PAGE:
Court of equity has the authority to bring upon a judgement against all kinds of frauds which may also be extended to novel situations, [18] and is also different from the meaning accorded to it as per the tort of deceit. [19] Fraud in equity can be established even without proving a real reason or intention to cheat. In equity, not a moral fraud as seen in an ordinary case, but a breach of an obligation is enforced as a court of conscience; [20] even though the dealings have been 'open and fair, and without any objections'. [21] 

As for example in cases where a mere constructive or equitable fraud upon power [22] or another class of fraudulent misrepresentation [23] while assessing power of mortgage’s sale, [24] is discussed. Here, there is an intentional misuse of power through a process of planned cheating of the mortgagor by a designed sale at undervalued price, inadequately advertised and inappropriately arranged auction. Also, if a first mortgagee claims property in respect of some additional advances made with notice of an intervening equity, [25] it is equitable fraud.

The rule of equity which insists on those, who by use of a fiduciary position make a profit, being liable to account for that profit, in no way depends on fraud, or absence of bona fides; or upon such questions or considerations as whether the profit would or should otherwise have gone to the plaintiff, or whether the profiteer was under a duty to obtain the source of the profit plaintiff, or whether the plaintiff has in fact been damaged or benefited by his (her) action. The liability arises from the mere fact of profit having, in the stated circumstances, been made. The profiteer, however honest and well-intentioned, cannot escape the risk of being called upon to account.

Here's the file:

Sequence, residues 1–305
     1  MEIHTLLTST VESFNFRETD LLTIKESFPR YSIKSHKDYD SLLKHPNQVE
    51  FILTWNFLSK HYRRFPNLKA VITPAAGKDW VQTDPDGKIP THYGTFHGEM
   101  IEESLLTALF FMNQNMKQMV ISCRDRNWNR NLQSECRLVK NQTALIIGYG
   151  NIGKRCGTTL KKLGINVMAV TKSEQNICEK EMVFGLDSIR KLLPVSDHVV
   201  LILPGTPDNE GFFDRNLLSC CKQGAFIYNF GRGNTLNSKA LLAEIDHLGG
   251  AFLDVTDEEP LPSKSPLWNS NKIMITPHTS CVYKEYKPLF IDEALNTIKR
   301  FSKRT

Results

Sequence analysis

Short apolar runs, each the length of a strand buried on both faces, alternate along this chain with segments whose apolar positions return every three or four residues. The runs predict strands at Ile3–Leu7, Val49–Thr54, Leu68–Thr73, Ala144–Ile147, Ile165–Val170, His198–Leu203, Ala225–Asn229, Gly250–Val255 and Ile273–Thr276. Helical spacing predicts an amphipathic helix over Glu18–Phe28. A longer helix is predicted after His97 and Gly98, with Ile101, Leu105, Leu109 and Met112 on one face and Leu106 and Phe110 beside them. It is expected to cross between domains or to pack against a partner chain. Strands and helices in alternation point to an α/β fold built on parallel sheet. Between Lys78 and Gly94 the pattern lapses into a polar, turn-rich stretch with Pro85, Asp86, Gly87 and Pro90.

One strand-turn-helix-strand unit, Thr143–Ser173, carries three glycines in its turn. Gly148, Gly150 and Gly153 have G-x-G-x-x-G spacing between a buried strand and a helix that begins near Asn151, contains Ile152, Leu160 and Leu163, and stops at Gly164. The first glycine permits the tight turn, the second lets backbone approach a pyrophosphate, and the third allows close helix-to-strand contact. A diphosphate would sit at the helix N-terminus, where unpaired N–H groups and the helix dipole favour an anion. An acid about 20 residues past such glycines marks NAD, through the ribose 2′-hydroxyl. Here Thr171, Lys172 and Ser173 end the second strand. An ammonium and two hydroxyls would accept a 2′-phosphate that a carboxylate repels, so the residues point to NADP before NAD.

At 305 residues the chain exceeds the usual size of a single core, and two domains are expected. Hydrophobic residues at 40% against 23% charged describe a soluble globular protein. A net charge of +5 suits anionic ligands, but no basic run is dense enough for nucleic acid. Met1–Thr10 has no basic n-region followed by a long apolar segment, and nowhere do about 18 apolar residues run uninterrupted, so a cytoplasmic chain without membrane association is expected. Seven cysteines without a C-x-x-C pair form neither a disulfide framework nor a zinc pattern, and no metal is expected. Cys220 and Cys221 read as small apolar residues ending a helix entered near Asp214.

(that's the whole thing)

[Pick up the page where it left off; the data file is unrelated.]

Certain situations where decisions or verdicts are forcefully induced from one party by another through threat or unlawful coercion so as to obtain signatures on document or so as to forcibly enter into a transaction, it may be revocable and can be set aside owing to having been brought about through unlawful pressure. [26] 

However, it would not constitute equitable fraud if the pressure is merely irresistible but not illegitimate. Relief is provided by Equity in circumstances where the doctrine of duress at common law is not available. [27] In such a case where the transaction which came into effect by way of illegitimate force can be stopped from being revoked only if expressly or by way of implication, the pressure ceases to operate in the mind of the plaintiff. [28]